Leaving a new job after 6 months – yes or no?

Q: I started a new job about six months ago at a large company outside of Boston. I am happy that someone took a chance on me because before that I had taken 15 years off to raise kids as a full-time mom. However, I am feeling that my job has turned into a bit of a grind. I am not nearly enthusiastic about the work as I expected to be. However, I am working with fun colleagues. It is also close to my home and they have given me flexible hours. My question to you is should I make a jump to a more fulfilling role or is it too early?

A: Congrats on re-entering the workforce successfully. Some companies realize the value and talent of women who have taken some time off to raise kids, but then want to return to work once their children become a bit more self-sufficient.

It sounds like there are a lot of positives about your current job – they probably provided some training early on when you first started working there six months ago, they have offered you flexible work hours (which is sometimes as valuable as how they compensate you) and the commute seems reasonable (a perk especially during the winter months). However, the work doesn’t seem as challenging or as interesting as you expected. Six months is not a long time to stay in one job. However, I do have a possible solution. You had mentioned it is a large company. Larger companies often post internal opportunities to encourage employees to move within the organization. Is there an internal job posting system that you could check periodically? The job posting system may require that you remain in your current role for 6, 9 or even 12 months. It may be a good option because your commute would continue to be reasonable and your benefits would remain intact. However, you should check whether any new role offers a flexible work schedule. That benefit may not continue with your next role. The company would probably view the transfer favorably because they have retained you in some capacity.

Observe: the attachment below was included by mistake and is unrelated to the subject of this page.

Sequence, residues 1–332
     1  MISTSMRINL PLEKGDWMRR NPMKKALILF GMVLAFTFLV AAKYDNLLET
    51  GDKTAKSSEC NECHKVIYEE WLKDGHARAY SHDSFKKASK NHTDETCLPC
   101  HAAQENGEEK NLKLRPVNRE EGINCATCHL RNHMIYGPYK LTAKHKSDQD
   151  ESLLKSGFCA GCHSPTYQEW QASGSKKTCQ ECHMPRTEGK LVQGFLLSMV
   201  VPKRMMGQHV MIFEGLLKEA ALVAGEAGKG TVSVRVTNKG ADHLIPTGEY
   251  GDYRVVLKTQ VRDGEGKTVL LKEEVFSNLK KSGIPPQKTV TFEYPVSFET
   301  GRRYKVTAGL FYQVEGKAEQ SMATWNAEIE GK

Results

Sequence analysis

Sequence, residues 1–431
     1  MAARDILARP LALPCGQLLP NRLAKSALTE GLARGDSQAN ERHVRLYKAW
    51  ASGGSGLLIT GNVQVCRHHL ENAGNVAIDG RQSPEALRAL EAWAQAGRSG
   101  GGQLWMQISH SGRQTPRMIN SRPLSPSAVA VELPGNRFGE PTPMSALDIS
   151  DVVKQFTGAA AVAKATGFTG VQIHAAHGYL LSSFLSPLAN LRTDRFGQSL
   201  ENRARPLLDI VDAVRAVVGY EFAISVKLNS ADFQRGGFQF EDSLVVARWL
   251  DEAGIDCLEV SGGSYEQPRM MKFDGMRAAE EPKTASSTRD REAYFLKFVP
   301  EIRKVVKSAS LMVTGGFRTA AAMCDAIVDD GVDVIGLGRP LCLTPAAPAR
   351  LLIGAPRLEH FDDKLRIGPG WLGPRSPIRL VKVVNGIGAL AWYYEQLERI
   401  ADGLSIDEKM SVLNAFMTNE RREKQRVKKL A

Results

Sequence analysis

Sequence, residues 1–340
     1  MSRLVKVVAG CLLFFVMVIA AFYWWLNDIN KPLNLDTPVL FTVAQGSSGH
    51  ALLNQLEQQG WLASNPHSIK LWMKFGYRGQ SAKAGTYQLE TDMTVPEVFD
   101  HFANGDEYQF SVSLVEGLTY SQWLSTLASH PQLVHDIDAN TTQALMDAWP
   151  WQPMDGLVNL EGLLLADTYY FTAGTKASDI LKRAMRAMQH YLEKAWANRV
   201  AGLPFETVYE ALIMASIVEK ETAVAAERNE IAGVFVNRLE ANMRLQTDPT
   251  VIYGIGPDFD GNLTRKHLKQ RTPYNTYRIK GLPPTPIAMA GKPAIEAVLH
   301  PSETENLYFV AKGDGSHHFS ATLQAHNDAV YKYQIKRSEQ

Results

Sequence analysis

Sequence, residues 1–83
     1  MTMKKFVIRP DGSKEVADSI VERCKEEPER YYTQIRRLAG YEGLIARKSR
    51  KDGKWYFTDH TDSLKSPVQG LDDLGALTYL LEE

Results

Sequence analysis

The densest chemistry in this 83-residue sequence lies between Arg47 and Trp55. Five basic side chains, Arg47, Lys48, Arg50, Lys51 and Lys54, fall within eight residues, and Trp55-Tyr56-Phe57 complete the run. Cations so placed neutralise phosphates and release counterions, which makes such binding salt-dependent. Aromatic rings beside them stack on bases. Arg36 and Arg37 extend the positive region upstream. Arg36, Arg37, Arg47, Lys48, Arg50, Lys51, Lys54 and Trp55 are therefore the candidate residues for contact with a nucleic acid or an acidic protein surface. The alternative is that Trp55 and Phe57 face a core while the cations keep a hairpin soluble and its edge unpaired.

Check out internal opportunities first. If internal opportunities are not available, you can start exploring opportunities elsewhere but try to continue with your current employer for one year.


by Pattie Hunt Sinacole, First Beacon Group LLC

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